‘This is not what a rapist looks like.’ How a reaction to consent classes shows how necessary they are

By Joshua Piercey

George Lawson insinuates that a rapist can be defined by how they look. Image source: The Tab Warwick

George Lawson insinuates that a rapist can be defined by how they look. Image source: The Tab Warwick

A student at Warwick University found himself embroiled in a very public twitter-storm after he rejected an invite to a university workshop discussing the importance of consent.

George Lawson, 19, wrote an article – which appeared in the online student newspaper The Tab – titled ‘Why I don’t need consent lessons’ along with a photograph of him holding a sign stating, ‘This is not what a rapist looks like’.

George Lawson is a bit of a twit, and will probably think a little harder before hurling himself into a public forum, but his case is interesting and revealing.

His article comes across as hugely defensive – surprising, when attendance at the sessions aren’t mandatory, he could have simply ignored the invitation. But he apparently speaks from a position of genuine hurt. He feels unfairly targeted. He resents the implication of the invite.

His resentment is misplaced, but his reaction – and the reaction of those in the comment section of the Daily Mail  (pro-tip: don’t read those) – indicates a dichotomy encapsulating why rape culture exists and why consent classes should exist.

Simply put, no one knows what a rapist looks like and to imply that a rapist can be determined by their physical appearance, background or education is misguided and dangerous.


The evidence is conclusive – the vast majority of rape (perpetrated by men or women, on men or women) is committed by someone the victim knows. The people who commit sexual assault do not, presumably, consider themselves evil people.  Josie Throup a volunteer at Warwick’s consent workshops and fellow student wrote a response piece to George’s misconception. ‘I wanted to run workshops which debunk the common myth..that ‘rape only occurs between strangers in dark alleys.”

A secondary point, and one that’s problematic in the extreme, is that consent is a grey area, if only from a statistical standing. It’s a simple concept, but the numbers indicate that people have a tougher time getting their head around it than one might expect. “No means no” is all well and good, but when rapists apparently don’t know the meaning of either of those “no’s”, it would suggest that consent classes (or something like them) really are necessary.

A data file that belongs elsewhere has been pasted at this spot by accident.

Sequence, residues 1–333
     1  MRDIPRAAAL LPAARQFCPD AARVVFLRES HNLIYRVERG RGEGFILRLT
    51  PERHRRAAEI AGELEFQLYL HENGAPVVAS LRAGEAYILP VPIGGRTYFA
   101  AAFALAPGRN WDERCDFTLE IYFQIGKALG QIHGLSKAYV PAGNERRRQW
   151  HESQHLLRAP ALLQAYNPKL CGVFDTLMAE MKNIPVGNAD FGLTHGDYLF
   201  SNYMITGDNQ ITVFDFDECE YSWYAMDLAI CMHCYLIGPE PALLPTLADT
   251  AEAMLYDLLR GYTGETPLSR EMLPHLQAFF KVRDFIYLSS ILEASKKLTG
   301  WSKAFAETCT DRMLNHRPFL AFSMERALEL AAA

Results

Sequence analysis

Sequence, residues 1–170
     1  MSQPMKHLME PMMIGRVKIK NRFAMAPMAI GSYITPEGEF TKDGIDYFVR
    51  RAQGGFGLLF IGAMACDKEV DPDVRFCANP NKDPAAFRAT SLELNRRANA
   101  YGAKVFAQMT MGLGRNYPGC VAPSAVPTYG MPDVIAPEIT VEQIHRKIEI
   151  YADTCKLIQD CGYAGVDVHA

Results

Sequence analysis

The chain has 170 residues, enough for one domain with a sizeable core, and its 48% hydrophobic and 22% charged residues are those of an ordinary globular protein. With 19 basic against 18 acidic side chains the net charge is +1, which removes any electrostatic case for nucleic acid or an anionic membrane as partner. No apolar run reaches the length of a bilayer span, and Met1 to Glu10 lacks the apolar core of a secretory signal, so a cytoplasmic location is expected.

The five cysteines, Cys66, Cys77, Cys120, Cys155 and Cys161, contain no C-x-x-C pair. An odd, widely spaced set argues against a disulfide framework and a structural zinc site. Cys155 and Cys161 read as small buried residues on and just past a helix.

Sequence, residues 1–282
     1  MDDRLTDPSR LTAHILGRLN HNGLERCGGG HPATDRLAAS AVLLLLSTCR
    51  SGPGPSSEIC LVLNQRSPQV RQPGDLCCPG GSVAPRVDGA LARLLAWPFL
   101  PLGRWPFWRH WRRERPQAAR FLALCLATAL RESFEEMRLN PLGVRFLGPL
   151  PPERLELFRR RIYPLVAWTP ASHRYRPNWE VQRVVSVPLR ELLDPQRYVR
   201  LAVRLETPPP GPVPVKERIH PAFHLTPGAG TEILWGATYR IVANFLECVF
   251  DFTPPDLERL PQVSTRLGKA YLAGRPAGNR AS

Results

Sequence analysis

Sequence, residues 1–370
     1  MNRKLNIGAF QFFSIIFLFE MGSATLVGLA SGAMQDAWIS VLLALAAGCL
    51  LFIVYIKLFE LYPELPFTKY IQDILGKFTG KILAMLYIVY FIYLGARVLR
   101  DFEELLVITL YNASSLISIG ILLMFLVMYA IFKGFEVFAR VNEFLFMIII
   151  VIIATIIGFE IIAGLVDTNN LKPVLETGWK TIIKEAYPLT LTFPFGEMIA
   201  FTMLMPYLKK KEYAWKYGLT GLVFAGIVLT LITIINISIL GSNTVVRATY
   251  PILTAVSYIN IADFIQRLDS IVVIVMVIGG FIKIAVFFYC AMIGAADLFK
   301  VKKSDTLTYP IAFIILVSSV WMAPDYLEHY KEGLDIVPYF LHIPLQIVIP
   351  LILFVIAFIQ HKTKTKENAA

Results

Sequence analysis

Fellow Warwick student and consent class volunteer Josie Throup took to the The Tab to address some of the flaws in George's argument. Image source: The Tab Warwick

Fellow Warwick student and consent class volunteer Josie Throup took to the The Tab to address some of the flaws in George’s argument. Image source: The Tab Warwick

The alternative is deeply frightening. The alternative is that everyone who commits sexual assault is fully aware of their actions, knows they are a rapist… and does it anyway.

The idea of an unrepentant, fully aware sexual predator – someone who repeatedly targets and rapes women or men in complete knowledge of their culpability and crimes – is so far from the statistical mark. While they do exist, do we genuinely believe that Warwick University’s consent classes are aimed at these people? That they might read the invitation cackling inwardly, because they know exactly what consent is but just don’t care? George Lawson labelled the consent classes as ‘wasted effort’ because ‘if you’re going to commit rape, you’re not going to go to one of the lectures,’ reasoning so asinine as to be infantile.

People who are ‘planning’ to commit rape are not the target audience. The target audience are those who distance themselves from their actions and believe, and live in the belief, like George, if they don’t fit the profile of a rapist how can they be one?


I’m aware of the counter-argument to all this, and I understand it. Everyone has a basic understanding of what consent is, an understanding that George Lawson claims for himself, and if they don’t, they should. There’s no excuse.

I would like to subscribe to this notion.

It should be so simple, but it’s not.

Claiming consent is simple perpetuates that aforementioned dichotomy, one that lets perpetrators distance their own actions from that of a completely hypothetical criminal. A dichotomy that hinders self-examination, that allows defensive outrage to outweigh the reality time and time again.

Consent classes are designed to reach for clarity, rather than pretending that clarity is predefined, or that it already exists. The aim is a world where there are no grey areas, no more excuses. If we want to end grey areas, we need to teach people the delineation between black and white.

If you already know about consent, George, then good for you. But next time, instead of being wounded, perhaps the fact that a question about what defines a rapist even exists, might clue you in as to why consent classes are necessary.



Leave a Reply

Fill in your details below or click an icon to log in:

WordPress.com Logo

You are commenting using your WordPress.com account. Log Out / Change )

Twitter picture

You are commenting using your Twitter account. Log Out / Change )

Facebook photo

You are commenting using your Facebook account. Log Out / Change )

Google+ photo

You are commenting using your Google+ account. Log Out / Change )

Connecting to %s